Press Release: Government must be courageous on drug law reform

November 5, 2020

The provisional results on the Cannabis Legalisation and Control bill referendum show that the government needs to step up and show courageous leadership to implement evidence based drug law reform. 


“Of the people who voted, 46.1% chose ‘yes’ for a common-sense approach to our drug laws that will enable a more equitable, just, and healthy future”, said JustSpeak Director Tania Sawicki Mead.


“Special votes are yet to be counted, and this result of this referendum may yet change.


“But what has become clear in the conversations about the referendum is that most New Zealanders agree our current laws aren’t working. The criminalisation of cannabis pushes people into the justice system with serious and harmful long term consequences for them, their whānau and communities, with enormously harmful impacts on rangatahi Māori in particular.


“Despite the misinformation from opponents of health based drug laws and the absence of courageous political leadership, nearly half of all New Zealanders voted for legalisation. That’s a huge turnaround after decades of narratives that used fear to push the failed idea of a ‘war on drugs’.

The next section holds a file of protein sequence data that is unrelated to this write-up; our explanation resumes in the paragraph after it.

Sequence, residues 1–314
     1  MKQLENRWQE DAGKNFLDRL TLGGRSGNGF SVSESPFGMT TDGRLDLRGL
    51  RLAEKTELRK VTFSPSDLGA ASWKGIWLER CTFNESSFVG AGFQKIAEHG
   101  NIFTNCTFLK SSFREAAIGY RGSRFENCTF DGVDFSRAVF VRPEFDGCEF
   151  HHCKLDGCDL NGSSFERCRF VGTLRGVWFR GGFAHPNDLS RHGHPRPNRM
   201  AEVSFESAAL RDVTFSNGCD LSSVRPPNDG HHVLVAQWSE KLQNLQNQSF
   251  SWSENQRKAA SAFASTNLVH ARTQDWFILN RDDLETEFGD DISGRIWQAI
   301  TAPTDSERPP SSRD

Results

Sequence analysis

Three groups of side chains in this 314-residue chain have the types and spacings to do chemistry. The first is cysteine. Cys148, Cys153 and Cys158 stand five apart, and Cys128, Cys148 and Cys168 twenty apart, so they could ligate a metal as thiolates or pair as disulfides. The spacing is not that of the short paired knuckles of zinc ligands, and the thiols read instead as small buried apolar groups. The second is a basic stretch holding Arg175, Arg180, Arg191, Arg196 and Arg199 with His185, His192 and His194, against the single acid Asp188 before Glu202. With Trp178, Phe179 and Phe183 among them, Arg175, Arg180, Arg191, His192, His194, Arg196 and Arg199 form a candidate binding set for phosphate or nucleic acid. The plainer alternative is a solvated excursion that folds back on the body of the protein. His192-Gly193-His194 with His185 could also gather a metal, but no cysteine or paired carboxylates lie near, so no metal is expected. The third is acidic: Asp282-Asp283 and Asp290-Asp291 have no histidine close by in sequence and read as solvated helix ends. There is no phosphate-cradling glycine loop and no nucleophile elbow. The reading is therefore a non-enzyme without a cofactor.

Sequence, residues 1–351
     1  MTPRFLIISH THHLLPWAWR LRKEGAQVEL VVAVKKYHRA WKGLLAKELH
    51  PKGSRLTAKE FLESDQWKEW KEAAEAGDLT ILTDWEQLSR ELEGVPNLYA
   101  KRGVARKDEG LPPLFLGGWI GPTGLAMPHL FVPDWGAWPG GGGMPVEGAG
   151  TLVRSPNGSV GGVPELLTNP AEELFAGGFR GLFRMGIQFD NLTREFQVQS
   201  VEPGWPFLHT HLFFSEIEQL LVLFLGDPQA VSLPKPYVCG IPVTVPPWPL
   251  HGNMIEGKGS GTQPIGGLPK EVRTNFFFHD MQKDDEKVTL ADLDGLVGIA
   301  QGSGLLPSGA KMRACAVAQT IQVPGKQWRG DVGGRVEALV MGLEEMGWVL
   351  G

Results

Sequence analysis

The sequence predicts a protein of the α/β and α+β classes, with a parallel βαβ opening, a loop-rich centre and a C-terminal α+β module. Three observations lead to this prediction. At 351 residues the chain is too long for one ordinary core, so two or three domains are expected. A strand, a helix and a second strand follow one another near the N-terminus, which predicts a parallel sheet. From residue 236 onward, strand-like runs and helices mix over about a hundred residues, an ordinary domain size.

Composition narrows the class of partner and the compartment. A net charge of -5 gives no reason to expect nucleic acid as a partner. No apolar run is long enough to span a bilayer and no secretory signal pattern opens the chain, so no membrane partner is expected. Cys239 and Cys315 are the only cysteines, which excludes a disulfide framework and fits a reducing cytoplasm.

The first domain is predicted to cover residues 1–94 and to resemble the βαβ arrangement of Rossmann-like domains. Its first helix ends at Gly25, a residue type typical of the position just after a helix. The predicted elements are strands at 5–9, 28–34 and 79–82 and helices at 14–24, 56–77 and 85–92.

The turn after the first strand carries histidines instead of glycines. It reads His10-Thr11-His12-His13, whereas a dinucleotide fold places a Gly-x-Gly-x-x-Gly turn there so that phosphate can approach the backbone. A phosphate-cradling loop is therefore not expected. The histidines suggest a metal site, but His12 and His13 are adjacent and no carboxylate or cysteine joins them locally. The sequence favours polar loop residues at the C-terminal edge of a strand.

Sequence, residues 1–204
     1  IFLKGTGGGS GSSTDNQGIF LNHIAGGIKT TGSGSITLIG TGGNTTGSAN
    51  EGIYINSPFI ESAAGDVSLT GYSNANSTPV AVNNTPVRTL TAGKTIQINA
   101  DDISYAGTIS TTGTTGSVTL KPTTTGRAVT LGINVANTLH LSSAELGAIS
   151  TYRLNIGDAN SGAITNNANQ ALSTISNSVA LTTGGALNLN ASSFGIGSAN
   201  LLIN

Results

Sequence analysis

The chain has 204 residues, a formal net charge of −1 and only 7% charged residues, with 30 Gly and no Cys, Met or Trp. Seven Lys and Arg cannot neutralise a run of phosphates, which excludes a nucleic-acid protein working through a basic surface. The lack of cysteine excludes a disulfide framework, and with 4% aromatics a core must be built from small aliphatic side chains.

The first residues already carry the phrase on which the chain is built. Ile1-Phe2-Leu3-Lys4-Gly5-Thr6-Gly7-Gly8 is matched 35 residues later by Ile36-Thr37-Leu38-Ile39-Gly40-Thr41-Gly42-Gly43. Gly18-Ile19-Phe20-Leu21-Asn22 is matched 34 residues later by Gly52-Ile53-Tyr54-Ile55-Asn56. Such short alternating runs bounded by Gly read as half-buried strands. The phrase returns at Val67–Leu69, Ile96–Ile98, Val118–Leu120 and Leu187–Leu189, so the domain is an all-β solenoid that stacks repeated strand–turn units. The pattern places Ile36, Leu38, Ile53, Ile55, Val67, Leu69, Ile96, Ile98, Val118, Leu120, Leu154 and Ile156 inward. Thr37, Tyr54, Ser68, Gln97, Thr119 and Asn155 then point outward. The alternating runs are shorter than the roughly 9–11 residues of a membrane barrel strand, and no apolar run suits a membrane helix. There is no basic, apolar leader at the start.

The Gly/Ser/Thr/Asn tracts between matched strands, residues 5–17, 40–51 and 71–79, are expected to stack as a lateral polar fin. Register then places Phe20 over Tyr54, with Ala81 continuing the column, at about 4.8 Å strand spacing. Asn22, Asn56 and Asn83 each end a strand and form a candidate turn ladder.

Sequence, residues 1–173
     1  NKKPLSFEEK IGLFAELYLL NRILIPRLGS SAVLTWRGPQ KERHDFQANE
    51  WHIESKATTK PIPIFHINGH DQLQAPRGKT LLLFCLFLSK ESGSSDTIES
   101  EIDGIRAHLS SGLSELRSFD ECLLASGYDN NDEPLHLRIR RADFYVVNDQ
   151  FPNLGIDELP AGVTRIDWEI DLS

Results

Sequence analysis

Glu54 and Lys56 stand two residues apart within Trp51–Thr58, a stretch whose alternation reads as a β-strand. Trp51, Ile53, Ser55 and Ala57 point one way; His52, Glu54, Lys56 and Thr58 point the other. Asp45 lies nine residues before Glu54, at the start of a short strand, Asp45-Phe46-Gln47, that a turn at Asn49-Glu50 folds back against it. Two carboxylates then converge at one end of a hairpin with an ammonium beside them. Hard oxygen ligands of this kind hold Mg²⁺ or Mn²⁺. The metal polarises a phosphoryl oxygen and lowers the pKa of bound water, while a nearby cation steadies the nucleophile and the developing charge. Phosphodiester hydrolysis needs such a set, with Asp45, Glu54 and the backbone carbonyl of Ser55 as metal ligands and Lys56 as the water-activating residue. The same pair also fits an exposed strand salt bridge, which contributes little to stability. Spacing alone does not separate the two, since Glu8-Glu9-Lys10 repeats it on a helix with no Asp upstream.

“There is clear agreement from all sides of this debate that prohibition is not working. This does not have to be the end of the road for drug law reform - it can be the beginning of something better, and bolder, but only if the government chooses to put evidence into action. 


“We elect politicians to assess evidence, listen to experts and make courageous decisions to do right by the communities that they represent. The government needs to take up this challenge, not just leave this issue to fester for another decade, and build a system that puts the wellbeing of people at its center.


“We are calling on the government to start with an overhaul of the out of date Misuse of Drugs Act and an immediate increase to funding for the drug treatment and education that will ensure people are treated with compassion.”